Tuesday 16 July 2013

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Guest Post: Memory of Stella Matutina's Queer SFF YA Recommendations

Today, the lovely Memory of Stella Matutina is stopping by the blog to recommend some LGBTQ sci-fi and fantasy YA titles!

Queer speculative fiction is a topic near and dear to my heart. I believe it’s important for science fiction and fantasy (hereafter SFF) of all varieties to explore queer themes, but it becomes especially vital in fiction aimed at a younger audience. Queer YA helps combat heteronormativity. It breaks down the idea that anything other than cisgendered heterosexuality is abnormal.

General fiction often does this with coming out stories, which rejig the central paradigm by showing us a shift in both the protagonist’s self perception and their relationships with their peers. Queer SFF has its fair share of coming out stories, but I find it most interesting when it gives us a sphere where no paradigm shift is necessary. Secondary world and futuristic settings needn’t subscribe to common 21st century attitudes; they can take us to worlds where nobody ever needs to come out and/or stress over their gender identity because that sort of thing is no more noteworthy than, say, liking peas but not carrots, or choosing to go brunette. People can be themselves, straight up, without worrying how others will react to them (at least where their gender and sexuality are concerned).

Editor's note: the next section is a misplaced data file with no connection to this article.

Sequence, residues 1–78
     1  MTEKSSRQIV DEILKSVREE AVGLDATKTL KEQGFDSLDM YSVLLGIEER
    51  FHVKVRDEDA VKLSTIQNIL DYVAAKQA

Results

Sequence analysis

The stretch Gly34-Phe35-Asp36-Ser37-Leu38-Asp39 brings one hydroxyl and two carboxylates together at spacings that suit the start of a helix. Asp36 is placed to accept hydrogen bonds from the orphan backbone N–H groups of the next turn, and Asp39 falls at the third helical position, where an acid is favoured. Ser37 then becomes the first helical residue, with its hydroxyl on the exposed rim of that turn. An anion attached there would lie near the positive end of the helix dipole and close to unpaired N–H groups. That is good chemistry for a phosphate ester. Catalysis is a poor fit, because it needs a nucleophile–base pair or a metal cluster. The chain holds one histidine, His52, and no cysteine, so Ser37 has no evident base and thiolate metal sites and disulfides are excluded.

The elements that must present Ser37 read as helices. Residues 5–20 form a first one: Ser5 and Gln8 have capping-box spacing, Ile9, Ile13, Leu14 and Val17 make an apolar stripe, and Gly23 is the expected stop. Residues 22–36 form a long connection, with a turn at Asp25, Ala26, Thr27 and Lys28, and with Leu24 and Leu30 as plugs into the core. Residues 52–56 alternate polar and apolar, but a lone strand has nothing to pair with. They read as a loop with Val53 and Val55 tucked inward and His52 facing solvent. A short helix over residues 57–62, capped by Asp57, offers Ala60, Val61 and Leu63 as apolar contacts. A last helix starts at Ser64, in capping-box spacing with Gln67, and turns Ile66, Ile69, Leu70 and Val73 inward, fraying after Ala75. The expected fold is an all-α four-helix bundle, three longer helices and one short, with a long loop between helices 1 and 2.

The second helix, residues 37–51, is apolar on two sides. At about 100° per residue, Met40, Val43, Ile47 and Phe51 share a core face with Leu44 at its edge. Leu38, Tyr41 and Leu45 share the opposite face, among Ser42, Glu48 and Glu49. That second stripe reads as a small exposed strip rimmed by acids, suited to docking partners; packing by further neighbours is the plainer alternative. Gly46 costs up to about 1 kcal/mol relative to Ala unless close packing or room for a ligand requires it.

But that’s all just so much pseudo-academic twaddle. Let’s talk about some awesome LGBTQ YA SFF (just to slam you with acronyms), plus a couple of adult titles oozing with crossover appeal.

cover art for Baby Be-Bop, featuring a stylized portrait for two boys against a brown background

I can’t imagine a discussion of queer YA SFF that doesn’t mention Francesca Lia Block. She burst onto the scene in 1989 with Weetzie Bat, a dizzying whirl of a book in which no one is terribly concerned about anyone else’s sexuality (though they recognize that people outside of their found family often feel differently), and has continued to explore queer themes ever since. They leap to the forefront in Baby Be-Bop, a prequel to Weetzie Bat that centres on a coming out story.